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The Story Behind the Man Behind Big Bird

By Thad Komorowski

It isn’t common knowledge that the same man has been giving life to both Sesame Street characters Big Bird and Oscar the Grouch, the north and south poles of that world, and a new documentary aims to change that.

I Am Big Bird chronicles the career of puppeteer Caroll Spinney, promising an intimate portrait of the unsung talent who’s entertained children across the world on a daily basis for over 40 years.

Co-directors Chad Walker and Dave LaMattina of Copper Pot Pictures completed the film in January after they raised funds for the production on Kickstarter.

The filmmakers offered their insights about how a film on Spinney and his feathered and filthy friends came to be, and how crowdfunding an independent film featuring a trademarked character is completely attainable.

So, why a film about Caroll Spinney? Can you describe who he is and what he’s done to the uninitiated?

CHAD WALKER: When we heard that one person had been performing as Big Bird and Oscar the Grouch for over 40 years—and that he was almost 80 and still doing it—we felt like his life would be fascinating. We were right. We had to make a film about it.

How did you meet Mr. Spinney? How receptive was he to your project?

DAVE LaMATTINA: I had actually interned at Sesame Workshop, but not realized that Caroll had been doing these puppets all these years. I was telling one of our dear friends about the internship and she not only told us about what Caroll’s been doing, but also that her godmother was his sister-in-law. We had her put in a good word for us, then reached out to Sesame and had a meeting with Caroll and his wife, Deb, within days. They were very receptive to the idea!

How is Caroll Spinney in person? Is he more a warm Big Bird or a caustic Oscar? A mix?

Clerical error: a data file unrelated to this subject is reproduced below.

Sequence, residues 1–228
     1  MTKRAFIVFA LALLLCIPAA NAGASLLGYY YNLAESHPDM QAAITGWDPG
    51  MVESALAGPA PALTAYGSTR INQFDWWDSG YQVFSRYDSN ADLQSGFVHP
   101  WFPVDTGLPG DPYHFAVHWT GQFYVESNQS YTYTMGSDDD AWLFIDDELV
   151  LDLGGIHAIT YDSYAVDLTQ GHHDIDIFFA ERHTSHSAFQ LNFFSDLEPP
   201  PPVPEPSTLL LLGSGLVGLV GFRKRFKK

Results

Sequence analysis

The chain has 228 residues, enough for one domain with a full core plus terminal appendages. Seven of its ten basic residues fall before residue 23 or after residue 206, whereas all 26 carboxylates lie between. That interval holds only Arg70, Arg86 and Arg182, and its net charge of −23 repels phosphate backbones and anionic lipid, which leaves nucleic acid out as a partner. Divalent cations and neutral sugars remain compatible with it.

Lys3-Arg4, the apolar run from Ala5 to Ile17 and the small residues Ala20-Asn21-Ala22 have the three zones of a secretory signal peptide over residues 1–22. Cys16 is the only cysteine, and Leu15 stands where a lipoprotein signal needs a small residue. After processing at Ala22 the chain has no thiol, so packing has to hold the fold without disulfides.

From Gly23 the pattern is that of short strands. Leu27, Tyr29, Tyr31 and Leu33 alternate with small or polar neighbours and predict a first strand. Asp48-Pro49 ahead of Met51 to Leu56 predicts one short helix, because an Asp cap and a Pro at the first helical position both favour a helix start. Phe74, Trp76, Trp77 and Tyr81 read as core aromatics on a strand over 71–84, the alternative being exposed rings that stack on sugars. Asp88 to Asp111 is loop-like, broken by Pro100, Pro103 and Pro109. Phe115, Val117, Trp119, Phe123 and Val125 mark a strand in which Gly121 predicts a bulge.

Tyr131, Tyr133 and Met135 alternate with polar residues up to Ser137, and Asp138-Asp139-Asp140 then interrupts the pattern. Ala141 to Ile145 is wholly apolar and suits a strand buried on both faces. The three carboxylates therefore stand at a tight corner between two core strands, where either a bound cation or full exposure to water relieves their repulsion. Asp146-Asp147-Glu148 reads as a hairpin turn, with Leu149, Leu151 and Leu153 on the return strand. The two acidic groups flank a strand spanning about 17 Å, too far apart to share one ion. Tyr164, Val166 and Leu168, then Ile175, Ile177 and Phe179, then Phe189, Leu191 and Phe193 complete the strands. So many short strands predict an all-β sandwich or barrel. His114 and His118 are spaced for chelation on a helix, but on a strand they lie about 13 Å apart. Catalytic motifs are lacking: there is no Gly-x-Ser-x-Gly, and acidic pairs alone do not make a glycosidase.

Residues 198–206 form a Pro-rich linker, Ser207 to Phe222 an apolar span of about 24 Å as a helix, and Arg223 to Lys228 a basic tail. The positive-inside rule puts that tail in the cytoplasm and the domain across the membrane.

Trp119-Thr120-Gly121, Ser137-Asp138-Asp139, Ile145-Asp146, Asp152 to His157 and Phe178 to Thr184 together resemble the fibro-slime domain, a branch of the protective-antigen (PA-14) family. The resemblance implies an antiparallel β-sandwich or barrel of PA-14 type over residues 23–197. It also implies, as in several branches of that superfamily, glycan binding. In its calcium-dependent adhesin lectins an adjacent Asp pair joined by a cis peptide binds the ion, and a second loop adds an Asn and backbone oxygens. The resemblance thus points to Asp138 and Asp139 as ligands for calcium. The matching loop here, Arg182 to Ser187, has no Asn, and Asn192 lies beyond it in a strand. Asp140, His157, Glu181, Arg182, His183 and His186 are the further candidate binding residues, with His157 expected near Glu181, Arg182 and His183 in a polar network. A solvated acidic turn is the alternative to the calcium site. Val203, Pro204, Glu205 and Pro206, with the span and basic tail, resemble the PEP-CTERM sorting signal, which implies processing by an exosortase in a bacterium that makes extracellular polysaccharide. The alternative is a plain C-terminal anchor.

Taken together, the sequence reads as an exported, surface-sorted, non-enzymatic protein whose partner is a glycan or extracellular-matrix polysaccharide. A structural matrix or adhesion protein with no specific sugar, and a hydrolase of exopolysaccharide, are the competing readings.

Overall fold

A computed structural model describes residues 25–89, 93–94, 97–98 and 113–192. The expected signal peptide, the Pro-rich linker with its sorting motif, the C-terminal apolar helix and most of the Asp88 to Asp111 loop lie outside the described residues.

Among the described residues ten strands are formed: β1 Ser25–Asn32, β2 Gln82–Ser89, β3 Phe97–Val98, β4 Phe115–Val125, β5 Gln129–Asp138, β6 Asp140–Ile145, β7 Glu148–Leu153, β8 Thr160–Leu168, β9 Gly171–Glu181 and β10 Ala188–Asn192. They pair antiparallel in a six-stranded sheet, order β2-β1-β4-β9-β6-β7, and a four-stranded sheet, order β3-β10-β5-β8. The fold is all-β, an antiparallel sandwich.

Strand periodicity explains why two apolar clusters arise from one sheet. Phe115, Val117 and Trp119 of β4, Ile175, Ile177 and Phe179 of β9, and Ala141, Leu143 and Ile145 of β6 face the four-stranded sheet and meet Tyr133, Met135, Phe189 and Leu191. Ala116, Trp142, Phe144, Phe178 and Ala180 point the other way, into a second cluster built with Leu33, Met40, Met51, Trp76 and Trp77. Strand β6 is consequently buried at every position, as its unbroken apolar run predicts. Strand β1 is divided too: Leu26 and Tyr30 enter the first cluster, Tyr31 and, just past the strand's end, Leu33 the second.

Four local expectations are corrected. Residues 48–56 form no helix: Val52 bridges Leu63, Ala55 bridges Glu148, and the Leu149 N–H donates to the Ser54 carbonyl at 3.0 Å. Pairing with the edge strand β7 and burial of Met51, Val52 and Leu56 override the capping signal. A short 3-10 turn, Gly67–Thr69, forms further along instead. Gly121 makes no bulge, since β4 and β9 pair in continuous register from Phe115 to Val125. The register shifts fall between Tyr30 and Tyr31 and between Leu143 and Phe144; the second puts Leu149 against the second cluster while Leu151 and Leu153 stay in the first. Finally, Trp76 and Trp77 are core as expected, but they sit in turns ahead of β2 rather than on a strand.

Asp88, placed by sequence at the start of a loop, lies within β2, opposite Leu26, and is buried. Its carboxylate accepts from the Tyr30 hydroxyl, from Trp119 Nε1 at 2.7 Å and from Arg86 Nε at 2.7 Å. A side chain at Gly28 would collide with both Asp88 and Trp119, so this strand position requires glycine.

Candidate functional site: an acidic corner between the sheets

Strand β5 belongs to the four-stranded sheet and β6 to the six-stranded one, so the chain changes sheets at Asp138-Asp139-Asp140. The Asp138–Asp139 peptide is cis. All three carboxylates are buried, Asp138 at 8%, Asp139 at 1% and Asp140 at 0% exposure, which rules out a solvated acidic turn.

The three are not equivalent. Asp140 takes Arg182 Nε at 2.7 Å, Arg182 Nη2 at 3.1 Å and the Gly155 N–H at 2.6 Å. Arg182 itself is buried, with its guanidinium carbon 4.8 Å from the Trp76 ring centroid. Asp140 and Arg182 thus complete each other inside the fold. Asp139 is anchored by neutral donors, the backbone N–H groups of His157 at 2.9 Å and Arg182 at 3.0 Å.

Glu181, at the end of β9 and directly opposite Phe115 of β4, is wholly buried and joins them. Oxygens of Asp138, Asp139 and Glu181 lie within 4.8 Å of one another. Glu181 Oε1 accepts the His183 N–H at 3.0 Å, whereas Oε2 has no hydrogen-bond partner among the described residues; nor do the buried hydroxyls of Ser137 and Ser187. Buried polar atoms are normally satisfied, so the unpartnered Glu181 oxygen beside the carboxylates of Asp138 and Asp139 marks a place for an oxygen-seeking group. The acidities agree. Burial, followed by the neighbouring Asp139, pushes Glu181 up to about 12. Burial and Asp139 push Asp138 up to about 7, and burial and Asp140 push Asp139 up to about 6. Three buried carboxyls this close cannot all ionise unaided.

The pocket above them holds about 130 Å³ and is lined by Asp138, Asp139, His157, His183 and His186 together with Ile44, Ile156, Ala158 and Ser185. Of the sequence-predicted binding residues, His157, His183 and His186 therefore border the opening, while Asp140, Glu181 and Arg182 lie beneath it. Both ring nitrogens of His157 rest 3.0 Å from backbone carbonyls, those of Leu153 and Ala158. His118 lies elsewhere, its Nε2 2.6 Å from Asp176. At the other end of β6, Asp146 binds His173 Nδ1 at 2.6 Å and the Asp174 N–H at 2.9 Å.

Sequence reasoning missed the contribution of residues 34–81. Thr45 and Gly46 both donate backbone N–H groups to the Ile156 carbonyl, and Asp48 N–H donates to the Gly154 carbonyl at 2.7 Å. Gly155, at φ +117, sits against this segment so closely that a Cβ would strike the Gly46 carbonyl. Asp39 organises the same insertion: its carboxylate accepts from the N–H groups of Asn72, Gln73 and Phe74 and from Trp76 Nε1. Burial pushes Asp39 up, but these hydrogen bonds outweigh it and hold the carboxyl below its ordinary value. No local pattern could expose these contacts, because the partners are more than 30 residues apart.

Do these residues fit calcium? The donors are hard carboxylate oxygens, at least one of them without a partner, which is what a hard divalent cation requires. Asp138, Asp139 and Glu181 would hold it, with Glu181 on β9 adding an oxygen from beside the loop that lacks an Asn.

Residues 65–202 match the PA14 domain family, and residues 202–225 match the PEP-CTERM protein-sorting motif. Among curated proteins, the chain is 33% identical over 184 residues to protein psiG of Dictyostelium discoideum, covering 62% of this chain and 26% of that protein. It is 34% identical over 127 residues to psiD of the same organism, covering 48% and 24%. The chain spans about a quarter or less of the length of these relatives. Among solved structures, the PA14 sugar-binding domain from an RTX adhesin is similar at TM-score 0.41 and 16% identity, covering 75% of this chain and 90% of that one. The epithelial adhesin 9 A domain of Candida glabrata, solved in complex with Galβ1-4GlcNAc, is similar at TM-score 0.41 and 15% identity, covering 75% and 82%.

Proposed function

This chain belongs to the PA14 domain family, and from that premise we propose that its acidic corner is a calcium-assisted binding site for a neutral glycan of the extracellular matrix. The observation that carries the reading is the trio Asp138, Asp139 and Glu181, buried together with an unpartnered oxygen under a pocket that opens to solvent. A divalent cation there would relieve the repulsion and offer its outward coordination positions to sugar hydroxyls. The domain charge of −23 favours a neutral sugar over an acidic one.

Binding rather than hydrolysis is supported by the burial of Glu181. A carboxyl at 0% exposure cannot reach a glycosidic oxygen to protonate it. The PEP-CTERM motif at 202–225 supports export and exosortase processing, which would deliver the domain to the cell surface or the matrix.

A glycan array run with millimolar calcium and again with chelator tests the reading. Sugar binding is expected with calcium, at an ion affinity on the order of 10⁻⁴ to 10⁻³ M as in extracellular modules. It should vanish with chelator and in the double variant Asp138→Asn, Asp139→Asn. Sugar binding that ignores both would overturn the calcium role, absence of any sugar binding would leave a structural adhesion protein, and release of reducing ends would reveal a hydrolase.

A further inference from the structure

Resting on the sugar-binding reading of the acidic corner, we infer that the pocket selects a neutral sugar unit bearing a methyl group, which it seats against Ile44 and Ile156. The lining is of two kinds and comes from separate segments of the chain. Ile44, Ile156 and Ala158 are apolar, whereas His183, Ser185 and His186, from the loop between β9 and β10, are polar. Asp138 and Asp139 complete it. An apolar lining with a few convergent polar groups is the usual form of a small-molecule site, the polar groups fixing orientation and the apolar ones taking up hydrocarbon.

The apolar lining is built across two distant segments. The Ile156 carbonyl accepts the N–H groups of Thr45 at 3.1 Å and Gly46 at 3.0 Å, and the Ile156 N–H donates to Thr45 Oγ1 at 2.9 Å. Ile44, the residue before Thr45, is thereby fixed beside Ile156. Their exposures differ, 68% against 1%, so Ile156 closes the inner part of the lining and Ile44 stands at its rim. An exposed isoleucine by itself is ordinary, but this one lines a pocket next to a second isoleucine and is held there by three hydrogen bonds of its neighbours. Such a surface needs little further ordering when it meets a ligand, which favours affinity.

CW: Caroll himself will tell you that he’s a mix of both—he likes to say he is more Big Bird than Oscar and he certainly is—but there are definitely some Oscar moments in his life. I think Oscar definitely comes out in Caroll’s sense of humor. It’s pretty wicked.

What can viewers expect to see in I Am Big Bird? Anything exclusive to your film in particular?

DL: We were so lucky that, in our first meeting, Deb told us that if they decided to do the movie with us, we could have access to all the film and photos she’s shot over the years. She’s basically been with Caroll for everything and has filmed it all. We went to their house and opened up a giant closet full of old film reels. This material has never been seen by the public. Honestly, Caroll and Deb probably hadn’t watched most of it since the time they shot it.

There’s so much stuff that’s exclusive to the film, though my personal favorites are the behind-the-scenes material from Big Bird in China and Follow That Bird.

More than anything, the material the Spinneys shared with us gives you a real picture of the love they share. It’s beautiful.

Why an independent venture through Copper Pot?

CW: We knew that people would want to see Caroll’s story. And we knew that to be true to their story and our relationship with them, we couldn’t have outside influences telling us what we had to do. Had it not been for the rise of Kickstarter, this would be a very different movie.

What was your immediate reaction when you saw that your Kickstarter for I Am Big Bird was such a success? Is using the platform again in your foreseeable future?